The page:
SEVERE acute respiratory syndrome coronavirus 2 (SARS-CoV-2) cross-infection risk has understandably resulted in the postponement of forthcoming specialty exams of major colleges, such as the Royal Australasian College of Surgeons, the Royal Australasian College of Physicians and the Royal College of Pathologists of Australasia.

Examination postponements, while unavoidable, place burdens on the health system. Exam preparation is a long process, with senior and junior clinical staff committing significant time to helping candidates prepare for all aspects of the examination. Candidates themselves spend countless hours practising not only their clinical skills but also the specific approach to each examination, the mastery of which is an art in itself. Not all of this time is wasted by postponement, but there is no doubt that preparations will need to be repeated for a future examination, again reducing the contribution of junior staff and their supervisors and teachers to clinical care.

Health services need to plan accordingly. Some specialties tailor rotations to ensure those taking an examination can prepare in the best possible environment. The ability of health services to adapt rosters for a future date will vary, potentially advantaging and disadvantaging some candidates. Further, any postponement will have an impact on the completion of training of some candidates, delaying the entry of practitioners to independent clinical roles at a time when well trained clinicians are in short supply.

Most importantly, with an unclear duration of the SARS-CoV-2 pandemic, scheduling an examination for a later date will perpetuate uncertainty and alternatives must be considered. The UK acted quickly to allay anxiety when faced with a similar education assessment dilemma after the cancellation of their school General Certificate of Secondary Education (GCSE) examination (equivalent to the Australian Year 12 exams). The replacement is fair and reasonable, with candidates to be assessed on their in-school performance as well as performance in trial exams, and award of a commensurate qualification, with an option of sitting a modified examination later for those who believe their award to be unfair.

In medical settings, solutions can respect both the urgency of clinical loads and the integrity of professional standards. Considerations include modern technology as well as existing programmatic approaches. The former should be discussed but may be difficult to implement quickly. Nevertheless, written college exams can in fact proceed using computer-based administration with lockdown technology to enable so-called bring your own device electronic solutions. Also, remote, artificial intelligence-supported invigilation exists already and is being used in high-stakes certification assessment, such as state bar exams in the US. Conversely, assessments based on longitudinal collection and triangulation of information about a trainee’s performance and progress have been around for over a decade, and have actually been shown to lead to higher levels of competence when compared with single event examinations. These latter options could be implemented quickly and similarly to the UK GCSE approach.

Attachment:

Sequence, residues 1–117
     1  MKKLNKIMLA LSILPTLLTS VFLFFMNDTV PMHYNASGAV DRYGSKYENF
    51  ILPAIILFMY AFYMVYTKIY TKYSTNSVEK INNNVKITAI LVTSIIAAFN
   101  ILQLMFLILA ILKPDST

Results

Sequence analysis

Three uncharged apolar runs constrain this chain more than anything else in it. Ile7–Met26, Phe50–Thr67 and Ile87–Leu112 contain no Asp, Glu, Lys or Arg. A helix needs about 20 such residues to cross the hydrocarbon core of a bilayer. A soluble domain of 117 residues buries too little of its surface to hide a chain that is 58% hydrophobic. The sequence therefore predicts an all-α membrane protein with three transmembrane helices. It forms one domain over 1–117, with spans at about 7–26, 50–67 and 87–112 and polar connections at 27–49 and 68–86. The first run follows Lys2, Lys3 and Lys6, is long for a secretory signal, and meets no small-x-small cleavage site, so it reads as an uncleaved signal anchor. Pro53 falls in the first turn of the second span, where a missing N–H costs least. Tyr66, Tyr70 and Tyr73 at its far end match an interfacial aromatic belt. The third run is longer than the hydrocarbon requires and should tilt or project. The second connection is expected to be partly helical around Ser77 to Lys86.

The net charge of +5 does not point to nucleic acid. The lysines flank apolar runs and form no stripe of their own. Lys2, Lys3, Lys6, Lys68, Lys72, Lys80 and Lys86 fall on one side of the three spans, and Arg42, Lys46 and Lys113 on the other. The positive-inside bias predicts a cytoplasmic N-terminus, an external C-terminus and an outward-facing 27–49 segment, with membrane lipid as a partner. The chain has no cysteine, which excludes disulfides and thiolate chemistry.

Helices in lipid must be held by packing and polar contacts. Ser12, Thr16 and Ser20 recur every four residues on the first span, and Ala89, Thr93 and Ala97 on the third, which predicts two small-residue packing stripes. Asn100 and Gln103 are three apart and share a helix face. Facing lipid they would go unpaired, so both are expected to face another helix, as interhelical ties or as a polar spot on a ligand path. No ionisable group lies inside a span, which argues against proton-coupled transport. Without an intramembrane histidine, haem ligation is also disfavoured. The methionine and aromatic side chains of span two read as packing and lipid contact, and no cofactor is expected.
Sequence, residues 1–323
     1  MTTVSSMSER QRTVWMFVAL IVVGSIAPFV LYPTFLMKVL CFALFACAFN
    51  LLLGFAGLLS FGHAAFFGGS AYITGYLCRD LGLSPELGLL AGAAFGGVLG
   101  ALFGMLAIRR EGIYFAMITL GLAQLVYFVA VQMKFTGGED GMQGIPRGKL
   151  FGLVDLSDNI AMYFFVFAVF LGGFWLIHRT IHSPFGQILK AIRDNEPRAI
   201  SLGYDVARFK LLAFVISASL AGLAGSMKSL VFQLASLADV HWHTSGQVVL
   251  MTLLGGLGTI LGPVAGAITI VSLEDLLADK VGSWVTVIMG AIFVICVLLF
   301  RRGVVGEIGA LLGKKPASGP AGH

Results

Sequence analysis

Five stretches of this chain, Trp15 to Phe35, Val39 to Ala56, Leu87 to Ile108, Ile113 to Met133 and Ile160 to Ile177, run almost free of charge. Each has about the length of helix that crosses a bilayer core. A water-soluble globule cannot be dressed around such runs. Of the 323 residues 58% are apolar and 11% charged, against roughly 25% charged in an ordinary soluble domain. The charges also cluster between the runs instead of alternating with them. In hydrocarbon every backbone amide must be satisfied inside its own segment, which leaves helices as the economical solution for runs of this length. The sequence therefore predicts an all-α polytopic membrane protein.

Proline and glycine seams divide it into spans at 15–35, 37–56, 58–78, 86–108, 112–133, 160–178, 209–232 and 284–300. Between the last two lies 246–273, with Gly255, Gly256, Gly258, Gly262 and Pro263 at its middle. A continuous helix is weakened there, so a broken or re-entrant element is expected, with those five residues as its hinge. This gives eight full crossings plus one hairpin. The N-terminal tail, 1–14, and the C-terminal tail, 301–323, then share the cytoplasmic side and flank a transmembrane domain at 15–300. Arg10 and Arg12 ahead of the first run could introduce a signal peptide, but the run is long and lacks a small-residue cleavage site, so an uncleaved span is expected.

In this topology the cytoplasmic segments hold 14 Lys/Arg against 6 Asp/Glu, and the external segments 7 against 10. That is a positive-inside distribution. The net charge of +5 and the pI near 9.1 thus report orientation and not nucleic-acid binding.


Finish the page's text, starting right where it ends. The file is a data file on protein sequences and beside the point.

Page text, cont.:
Colleges have options to rapidly implement a just alternative assessment, and the SARS-CoV-2 pandemic may be seen as an opportunity to use contemporary and better processes. All colleges are required to incorporate ongoing assessments of their trainees, and a defensible approach can be applied using these past assessments as well as specific (and, reasonably, multiple) supervisor views regarding the adequacy of a candidate to pass.

Given the crisis situation, such approaches would now have to be retrofitted and, in some cases, may be complemented by specific task-based assessments in the clinical setting over a limited period (eg, 6 weeks). There are various relevant and successful examples described in the literature (here, and here). Further inputs may include consideration of past performance of individual centres and other methods of balancing limitations of using individual assessors.

Of course, there has been long debate as to the best assessment approach for college trainees. Although most would agree that longitudinal, continuous and even programmatic assessment would be favourable over the current system, the implementation of such systems is not always easy. We argue that these are exceptional times when we should both highlight and resolve the need for assessment processes that are sympathetic to health services under pressure and address the need for rapid innovations and improvements in training and assessment. A process to clarify the sequel to cancellation of college exams can and must be put in place quickly to ensure health services, clinicians, educators and, not least, the candidates themselves can plan with confidence in uncertain times.

Professor Geoffrey Thompson is an Adelaide-based paediatrician whose former roles include Chair of the SA Institute of Medical Education and Training, Deputy Chair of the Confederation of Postgraduate Medical Education Councils and Deputy Medical Editor, the Medical Journal of Australia.

Professor Lambert Schuwirth is Strategic Professor in Medical Education at Flinders University, Professor for Innovative Assessment at Maastricht University in the Netherlands and Adjunct Professor of Medicine at the Uniformed Services University in Bethersda, Maryland. He has extensive experience and publications in assessment of medical competence and performance in undergraduate and postgraduate training settings.


The statements or opinions expressed in this article reflect the views of the authors and do not represent the official policy of the AMA, the MJA or InSight+ unless so stated.


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